A fascinating and factual view of the relationship between Ireland and America which is honoured in Washington D.C. and other U.S cities in March each year. The thousands of Irish emigrants, many Famine emigrants, who gave their lives for America in the American Civil War and who helped shape that nation are apparently forgotten. It seems altogether astonishing that the Irish government considers that they are irrelevant in what is Irish American heritage month in the United States of America.
This week Ireland’s Taoiseach, Enda Kenny, visited America for St. Patrick’s Day. Each March, our small country enjoys exceptional treatment on the other side of the Atlantic, treatment which includes a meeting with the President of the United States at The White House. Ireland’s relationship with the U.S. is the envy of other small countries. That relationship is almost entirely based on the affinity that many Americans hold for Ireland as a result of their own ancestry. In other words, Ireland has its past emigrants to thank for the extraordinary access and coverage we enjoy annually in one the world’s largest nations. It seems to me, however, that in our eagerness to use these opportunities to sell ‘Ireland’, we are consistently forgetting to remember the ‘Irish.’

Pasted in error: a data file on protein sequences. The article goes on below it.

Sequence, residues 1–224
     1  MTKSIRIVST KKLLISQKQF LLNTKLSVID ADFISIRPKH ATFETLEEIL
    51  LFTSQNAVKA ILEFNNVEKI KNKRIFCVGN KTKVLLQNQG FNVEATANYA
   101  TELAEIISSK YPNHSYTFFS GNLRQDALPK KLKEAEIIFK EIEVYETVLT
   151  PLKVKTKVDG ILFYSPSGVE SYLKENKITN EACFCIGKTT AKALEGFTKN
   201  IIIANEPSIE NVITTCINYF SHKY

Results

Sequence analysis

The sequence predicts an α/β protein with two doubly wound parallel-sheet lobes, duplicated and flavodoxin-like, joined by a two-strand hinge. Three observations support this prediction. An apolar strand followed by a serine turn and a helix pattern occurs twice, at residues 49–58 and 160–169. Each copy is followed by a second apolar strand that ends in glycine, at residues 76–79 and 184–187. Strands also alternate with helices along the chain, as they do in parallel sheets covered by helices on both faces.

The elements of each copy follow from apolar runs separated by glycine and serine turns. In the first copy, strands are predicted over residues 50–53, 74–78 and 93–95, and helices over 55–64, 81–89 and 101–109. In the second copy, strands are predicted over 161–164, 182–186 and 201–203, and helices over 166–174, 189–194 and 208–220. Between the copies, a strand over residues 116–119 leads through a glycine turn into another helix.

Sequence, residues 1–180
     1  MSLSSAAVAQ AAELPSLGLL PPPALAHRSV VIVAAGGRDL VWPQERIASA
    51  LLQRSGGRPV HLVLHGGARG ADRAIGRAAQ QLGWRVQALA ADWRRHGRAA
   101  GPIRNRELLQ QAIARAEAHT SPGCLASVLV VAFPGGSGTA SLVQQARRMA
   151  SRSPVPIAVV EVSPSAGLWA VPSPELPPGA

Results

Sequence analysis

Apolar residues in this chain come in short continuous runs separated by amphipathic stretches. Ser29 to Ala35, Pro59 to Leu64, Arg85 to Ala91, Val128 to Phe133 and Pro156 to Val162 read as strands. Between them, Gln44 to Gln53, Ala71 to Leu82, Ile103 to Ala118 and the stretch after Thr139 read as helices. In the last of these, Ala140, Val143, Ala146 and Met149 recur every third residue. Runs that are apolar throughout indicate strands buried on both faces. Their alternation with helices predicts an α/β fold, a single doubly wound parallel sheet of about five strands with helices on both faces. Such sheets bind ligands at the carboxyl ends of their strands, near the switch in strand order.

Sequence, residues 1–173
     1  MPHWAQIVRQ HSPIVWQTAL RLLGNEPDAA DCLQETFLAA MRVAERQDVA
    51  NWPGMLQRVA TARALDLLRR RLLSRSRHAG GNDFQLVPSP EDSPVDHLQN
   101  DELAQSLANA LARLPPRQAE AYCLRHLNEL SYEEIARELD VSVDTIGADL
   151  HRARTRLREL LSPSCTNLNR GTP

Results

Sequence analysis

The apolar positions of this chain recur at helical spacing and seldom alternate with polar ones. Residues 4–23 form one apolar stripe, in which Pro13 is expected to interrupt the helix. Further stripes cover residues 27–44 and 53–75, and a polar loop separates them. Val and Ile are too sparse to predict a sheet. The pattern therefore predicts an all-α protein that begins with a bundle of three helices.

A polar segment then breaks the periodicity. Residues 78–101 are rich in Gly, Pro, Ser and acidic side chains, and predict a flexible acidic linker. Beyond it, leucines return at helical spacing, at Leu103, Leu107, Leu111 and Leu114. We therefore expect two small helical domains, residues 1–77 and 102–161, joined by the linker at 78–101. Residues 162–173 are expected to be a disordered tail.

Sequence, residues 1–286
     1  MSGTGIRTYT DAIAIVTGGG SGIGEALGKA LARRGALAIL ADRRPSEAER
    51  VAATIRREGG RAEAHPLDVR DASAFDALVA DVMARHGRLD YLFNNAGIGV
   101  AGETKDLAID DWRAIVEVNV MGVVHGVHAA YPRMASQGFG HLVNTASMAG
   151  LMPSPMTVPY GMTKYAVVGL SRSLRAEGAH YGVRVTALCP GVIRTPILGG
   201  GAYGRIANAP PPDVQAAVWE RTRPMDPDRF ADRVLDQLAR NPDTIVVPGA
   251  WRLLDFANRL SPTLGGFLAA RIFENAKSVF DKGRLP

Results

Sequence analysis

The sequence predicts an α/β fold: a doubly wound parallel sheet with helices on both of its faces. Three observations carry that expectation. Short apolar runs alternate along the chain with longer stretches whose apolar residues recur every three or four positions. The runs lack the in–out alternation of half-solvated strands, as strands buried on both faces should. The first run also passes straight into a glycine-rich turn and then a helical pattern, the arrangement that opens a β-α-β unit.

As might be expected, Ireland uses the opportunity presented every March…
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